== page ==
Here is a picture (more available on Suspension Specialties' website: http://www.suspension-specialties.com/ after and before:

ss-front-jpg.20296



The lift provides 7 inches of clearance under the Model 3, with the exception of some points that drop down below that such as the sway bars.

side-jpg.20297



The yellow box below was able to slide in under the front with 1/2 inches of clearance. The box is 6 1/2 inches high. As you can see the front sway bars drop below that a bit and the box wasn't able to slip under it, so I think 6 inches of clearance can be expected under the sway bars.


box-jpg.20298


More measurements:


front-tire-full-jpg.20299


front-tire-jpg.20300



In terms of handling, it seemed just as good as before. The ride height is so much better. I can see more of the road. It is way easier getting in and out of the vehicle. I'm used to driving a subaru, and this feels more like that, but better because I'm driving a Tesla!

Thank you Mountain Pass Performance!
 
Last edited:

c2c

Active Member
TOO Supporting Member
Joined
Sep 19, 2017
Messages
189
Location
Seattle, WA
Tesla Owner
Model 3
Country
Country
I’m a little confused. My max wheel well height is an even 30 inches off the ground, with the MPP kit.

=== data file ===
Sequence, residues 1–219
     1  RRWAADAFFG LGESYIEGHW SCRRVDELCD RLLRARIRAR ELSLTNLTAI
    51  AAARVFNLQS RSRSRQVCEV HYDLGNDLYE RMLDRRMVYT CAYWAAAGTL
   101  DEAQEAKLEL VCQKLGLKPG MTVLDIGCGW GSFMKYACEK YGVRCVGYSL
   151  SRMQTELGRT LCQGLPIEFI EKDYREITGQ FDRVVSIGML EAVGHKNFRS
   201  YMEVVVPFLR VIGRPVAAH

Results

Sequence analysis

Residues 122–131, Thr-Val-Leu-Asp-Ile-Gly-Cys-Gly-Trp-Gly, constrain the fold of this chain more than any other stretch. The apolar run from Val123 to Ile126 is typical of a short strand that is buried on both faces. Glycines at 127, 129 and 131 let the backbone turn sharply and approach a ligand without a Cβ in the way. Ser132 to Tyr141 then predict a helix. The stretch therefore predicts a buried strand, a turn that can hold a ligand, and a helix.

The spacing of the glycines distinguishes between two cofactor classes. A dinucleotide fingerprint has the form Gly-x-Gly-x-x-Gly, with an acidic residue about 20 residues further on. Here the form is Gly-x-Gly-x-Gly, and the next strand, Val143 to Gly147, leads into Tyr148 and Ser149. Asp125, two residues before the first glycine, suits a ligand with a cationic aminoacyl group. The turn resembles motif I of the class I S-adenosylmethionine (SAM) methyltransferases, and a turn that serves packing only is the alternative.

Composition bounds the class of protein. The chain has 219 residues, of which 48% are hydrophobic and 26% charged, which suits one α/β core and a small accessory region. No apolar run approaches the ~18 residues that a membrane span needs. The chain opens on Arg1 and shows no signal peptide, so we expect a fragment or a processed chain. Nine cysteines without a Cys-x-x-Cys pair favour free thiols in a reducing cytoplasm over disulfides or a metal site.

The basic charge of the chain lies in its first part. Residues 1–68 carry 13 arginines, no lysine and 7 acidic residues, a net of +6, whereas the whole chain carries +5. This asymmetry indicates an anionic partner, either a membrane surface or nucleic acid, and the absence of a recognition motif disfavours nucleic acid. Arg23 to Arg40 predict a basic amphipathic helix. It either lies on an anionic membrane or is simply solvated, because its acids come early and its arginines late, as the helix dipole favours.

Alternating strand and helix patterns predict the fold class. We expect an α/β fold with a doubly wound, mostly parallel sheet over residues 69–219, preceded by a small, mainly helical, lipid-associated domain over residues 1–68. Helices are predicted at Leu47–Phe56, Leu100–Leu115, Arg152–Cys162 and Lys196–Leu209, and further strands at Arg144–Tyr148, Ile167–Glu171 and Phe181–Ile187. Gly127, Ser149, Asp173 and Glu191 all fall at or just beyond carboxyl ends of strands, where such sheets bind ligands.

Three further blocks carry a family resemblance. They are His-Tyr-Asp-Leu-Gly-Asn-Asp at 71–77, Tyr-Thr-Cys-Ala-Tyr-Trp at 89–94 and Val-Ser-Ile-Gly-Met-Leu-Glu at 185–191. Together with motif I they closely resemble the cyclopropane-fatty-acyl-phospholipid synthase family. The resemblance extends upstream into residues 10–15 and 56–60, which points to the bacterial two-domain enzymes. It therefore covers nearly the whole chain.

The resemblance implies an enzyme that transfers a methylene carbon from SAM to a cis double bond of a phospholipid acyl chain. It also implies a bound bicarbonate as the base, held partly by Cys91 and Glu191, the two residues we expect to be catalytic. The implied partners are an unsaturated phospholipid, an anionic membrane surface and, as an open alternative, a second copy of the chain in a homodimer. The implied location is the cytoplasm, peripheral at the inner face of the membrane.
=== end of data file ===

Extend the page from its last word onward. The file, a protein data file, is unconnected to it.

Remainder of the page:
Yours looks like it is 29.5 inches. You have the 18 stock wheels. I have the 19 inch wheels.
I have not concerned myself with the ground clearance.

I do wonder how much larger a tire I can run, since I don’t have to worry about the tire going up into the fender. I think the rear tire could have a couple more inches of diameter. Maybe some room for the front tire, too, but steering might raise new issues.
 

MountainPass

Top-Contributor
Joined
May 15, 2018
Messages
463
Location
Toronto, Ontario
Tesla Owner
Model 3
Country
Country
I’m a little confused. My max wheel well height is an even 30 inches off the ground, with the MPP kit.
Yours looks like it is 29.5 inches. You have the 18 stock wheels. I have the 19 inch wheels.
I have not concerned myself with the ground clearance.